When an Insurance Broker Does Not Know the Insurer’s Acceptance Standards
By Carole Chauvin, A.I.B, Cert. Admin., syndic (2013)
This summary does not constitute a legal opinion. The information it contains may not reflect the current state of the law.
A chimney fire results in the total loss of the insured’s semi-detached residence. When the insured declares the loss to her personal-lines damage insurance broker following the incident, she learns that she has no insurance coverage. Furthermore, the insurer of the adjoining house is suing her for $81,000. The insured lodges a complaint with the syndic’s office against her insurance broker. She cannot understand how this could have happened to her and above all, she wants to avoid this ever happening again.
We carried out an ethics investigation of the conduct of the personal-lines damage insurance broker, based mainly on the following two professional obligations, found in the Code of ethics of damage insurance representatives :
Section 37 :
The fact that a damage insurance representative acts contrary to the honour and dignity of the profession constitutes a breach of the Code of ethics, including:
(1) carrying on activities dishonestly or negligently; (…)
(6) failing to act as a conscientious advisor by not informing his clients of their rights and obligations and not giving them all necessary of useful informations; (…)
The Facts of the Case
During the summer and fall of 2006, the insured experienced financial difficulties, mainly due to the loss of her job and expenses related to her mother’s death. In order to consolidate her debts, she took out a second mortgage from a lender who was considered to be non-standard. She notified her broker, who informed the insurer, who asked the insured to sign a consent form to conduct a credit check. The results of the check did not meet the underwriting standards of the insurer of the risk. As a result, on November 2, 2006, the insurer asked the broker to place the risk with another insurer. Although the insurer expressed its intention to rapidly withdraw from the risk, it did not set a specific deadline.
The broker researched the market and on November 6, 2006, found another insurer that agreed to accept the risk. He immediately contacted the insured to tell her that her insurer was withdrawing from the risk and that he had another contract to present to her.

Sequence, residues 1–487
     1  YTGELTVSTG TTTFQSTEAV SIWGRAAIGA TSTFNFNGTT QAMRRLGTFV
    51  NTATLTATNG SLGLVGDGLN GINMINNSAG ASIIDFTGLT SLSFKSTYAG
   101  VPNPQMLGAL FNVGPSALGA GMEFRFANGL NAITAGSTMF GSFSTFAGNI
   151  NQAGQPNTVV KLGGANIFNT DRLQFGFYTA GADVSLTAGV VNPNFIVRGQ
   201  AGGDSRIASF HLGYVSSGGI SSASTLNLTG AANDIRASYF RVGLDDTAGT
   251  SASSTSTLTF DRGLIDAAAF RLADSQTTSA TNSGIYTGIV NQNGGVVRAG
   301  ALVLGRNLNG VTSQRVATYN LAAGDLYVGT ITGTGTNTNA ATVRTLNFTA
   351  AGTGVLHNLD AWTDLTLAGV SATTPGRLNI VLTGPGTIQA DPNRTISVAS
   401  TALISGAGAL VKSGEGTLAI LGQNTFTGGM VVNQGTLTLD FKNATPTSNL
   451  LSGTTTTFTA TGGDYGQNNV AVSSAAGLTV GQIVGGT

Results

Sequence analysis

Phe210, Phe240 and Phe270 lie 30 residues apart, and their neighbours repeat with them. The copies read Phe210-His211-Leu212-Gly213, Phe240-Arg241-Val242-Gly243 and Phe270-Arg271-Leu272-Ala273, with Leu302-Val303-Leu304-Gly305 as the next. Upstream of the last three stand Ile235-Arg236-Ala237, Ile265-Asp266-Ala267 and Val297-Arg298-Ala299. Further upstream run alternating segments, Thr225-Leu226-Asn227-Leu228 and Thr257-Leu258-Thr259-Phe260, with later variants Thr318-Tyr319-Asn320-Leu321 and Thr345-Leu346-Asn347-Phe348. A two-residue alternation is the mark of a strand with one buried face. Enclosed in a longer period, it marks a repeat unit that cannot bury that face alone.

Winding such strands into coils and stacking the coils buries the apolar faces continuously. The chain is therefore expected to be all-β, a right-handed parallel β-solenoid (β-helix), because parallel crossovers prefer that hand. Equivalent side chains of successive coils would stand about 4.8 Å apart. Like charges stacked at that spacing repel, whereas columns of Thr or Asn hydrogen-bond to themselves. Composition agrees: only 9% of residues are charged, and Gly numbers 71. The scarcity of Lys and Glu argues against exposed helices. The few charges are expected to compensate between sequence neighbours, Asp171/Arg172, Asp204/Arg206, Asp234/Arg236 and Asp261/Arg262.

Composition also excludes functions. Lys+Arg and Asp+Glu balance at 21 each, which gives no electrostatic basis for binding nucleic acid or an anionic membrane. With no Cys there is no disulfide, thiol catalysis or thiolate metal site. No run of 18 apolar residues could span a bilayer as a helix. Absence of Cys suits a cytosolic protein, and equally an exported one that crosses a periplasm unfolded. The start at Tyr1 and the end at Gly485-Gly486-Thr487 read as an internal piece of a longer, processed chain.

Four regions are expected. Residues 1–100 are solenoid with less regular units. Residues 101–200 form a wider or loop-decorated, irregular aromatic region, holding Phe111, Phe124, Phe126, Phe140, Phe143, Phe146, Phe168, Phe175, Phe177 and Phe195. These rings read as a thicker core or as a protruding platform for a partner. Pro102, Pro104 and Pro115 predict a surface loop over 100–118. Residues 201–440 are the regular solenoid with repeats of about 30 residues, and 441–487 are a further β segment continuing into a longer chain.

On November 7, 2006, the insured met with the broker at his office where he explained the situation to her. Although the insured found the new insurer’s premium excessively high (her home insurance premium would go from $400 to $1,300), she understood that she had no other choice but to accept. Accordingly, the insured signed a request to terminate her current home insurance policy and signed an application with the new insurer. She also left a cash deposit of $60, which was all that she had with her, and a cheque post-dated to November 15, 2006 for $270. She left the firm’s office with a copy of the insurance application and a receipt for the amount paid.
On November 14, 2006, her house was destroyed by fire. On November 15, 2006, she filed a claim with her broker who presented it to the insurer.
The new home insurance contract that was supposed to come into force on November 7, 2006 had not been issued by the date of the claim, nor was it in force since the quote provided to the broker was conditional upon receiving certain additional information, including a duly completely RCT form and a consent form to conduct a credit check on the insured. All of this was in fact indicated in the insurer’s written quote, dated November 6, 2006.